Take a look at the photo below.  She liked my Tinder profile.  It’s funny.  I never have 24-year old girls interested in my profile at home.  I’m more than double her age and live in another country.  Do you really think she’s looking for a relationship with a dude like me?

 

At least this one is honest about what she’s doing.  Read her bio.  “Busco” means “I’m looking for” in English.

 

A lot of your online dating matches will be prostitutes. Not all of them will be this obvious.

 

The issue is so common down here that the locals have a term for a woman who trades sex for favors, travel, or expensive presents.  They call that girl a “prepago.”  It means “pre-paid” like a pre-paid credit card.

 

It denotes a woman who doesn’t directly demand money for sex like a regular prostitute, but instead will gladly provide sex to a man who “pre-pays” her with expensive dinners or gifts.  “Prepagos” are so common that women who are not prostitutes will often note they aren’t “pre-paid” directly on their dating profiles.

 

Here is another woman who swiped on my Tinder profile.  Note what she says in her bio: “no soy prepago o amigos con derechos.”  It means “I’m not “pre-paid” and will not be a “friend with benefits.”  That shows exactly how common prostitutes are using dating apps to get their clients.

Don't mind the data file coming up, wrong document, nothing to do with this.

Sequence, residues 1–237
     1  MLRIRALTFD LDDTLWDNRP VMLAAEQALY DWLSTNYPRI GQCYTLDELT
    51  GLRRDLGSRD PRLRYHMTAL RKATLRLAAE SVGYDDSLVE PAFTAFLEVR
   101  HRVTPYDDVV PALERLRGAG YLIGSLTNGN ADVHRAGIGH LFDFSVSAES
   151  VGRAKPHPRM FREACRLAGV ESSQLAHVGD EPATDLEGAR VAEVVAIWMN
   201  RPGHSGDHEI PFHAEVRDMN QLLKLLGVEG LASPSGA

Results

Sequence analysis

If you are single and in the dating market, be extra cautious about your online dating matches.  Down here some of the girls use scopolomine to knock out their dates and rob them blind.  Others will lure them to a secluded location where they are robbed by the hooker’s friends.

 

Meet all your dates in a public place.  If you are going to get intimate, take your date back to your hotel or rental rather than going back to your date’s place.

 

One other good thing to do is to ask your date if he/she has identification.  You can tell them (whether true or false) that the security in your building is strict and won’t let anyone in without an ID.  Criminals don’t want you to know their true identity.  If they don’t have an ID, that should be a real warning sign.  If the name on their ID is different than on their online profile, that should also worry you.

 

Dating in other countries can be really fun, but there are a lot of pitfalls to avoid.

 

Here’s the bottom line.  Even though I don’t partake in prostitution, I don’t judge.  I think consenting adults (not trafficked children) should be able to make an agreeable business relationship, even if it involves sex.  That doesn’t diminish the potential dangers of being around a bunch of prostitutes, pimps, and drug dealers.

 

Where people are openly selling sex, it’s an indication that the people in your location likely abide by different social norms than what is common in the place where you live.  You should be alert to the fact that if some social norms are drastically different, it is likely that other norms are different as well.  That makes social situations harder to judge and places you in a bit more danger.

Be extra careful in these areas.

Don’t Use Your Hotel Safe

Don’t Use Your Hotel Safe 800 450 Greg Ellifritz

I once strongly advocated for storing money and passports in a hotel safe while traveling in a foreign country.  I think very differently now.

 

What changed was that some traveling companions of mine in South Africa had several hundred dollars taken out of their locked room safe.  The thief opened the locked safe, stole the money, and re-locked the safe.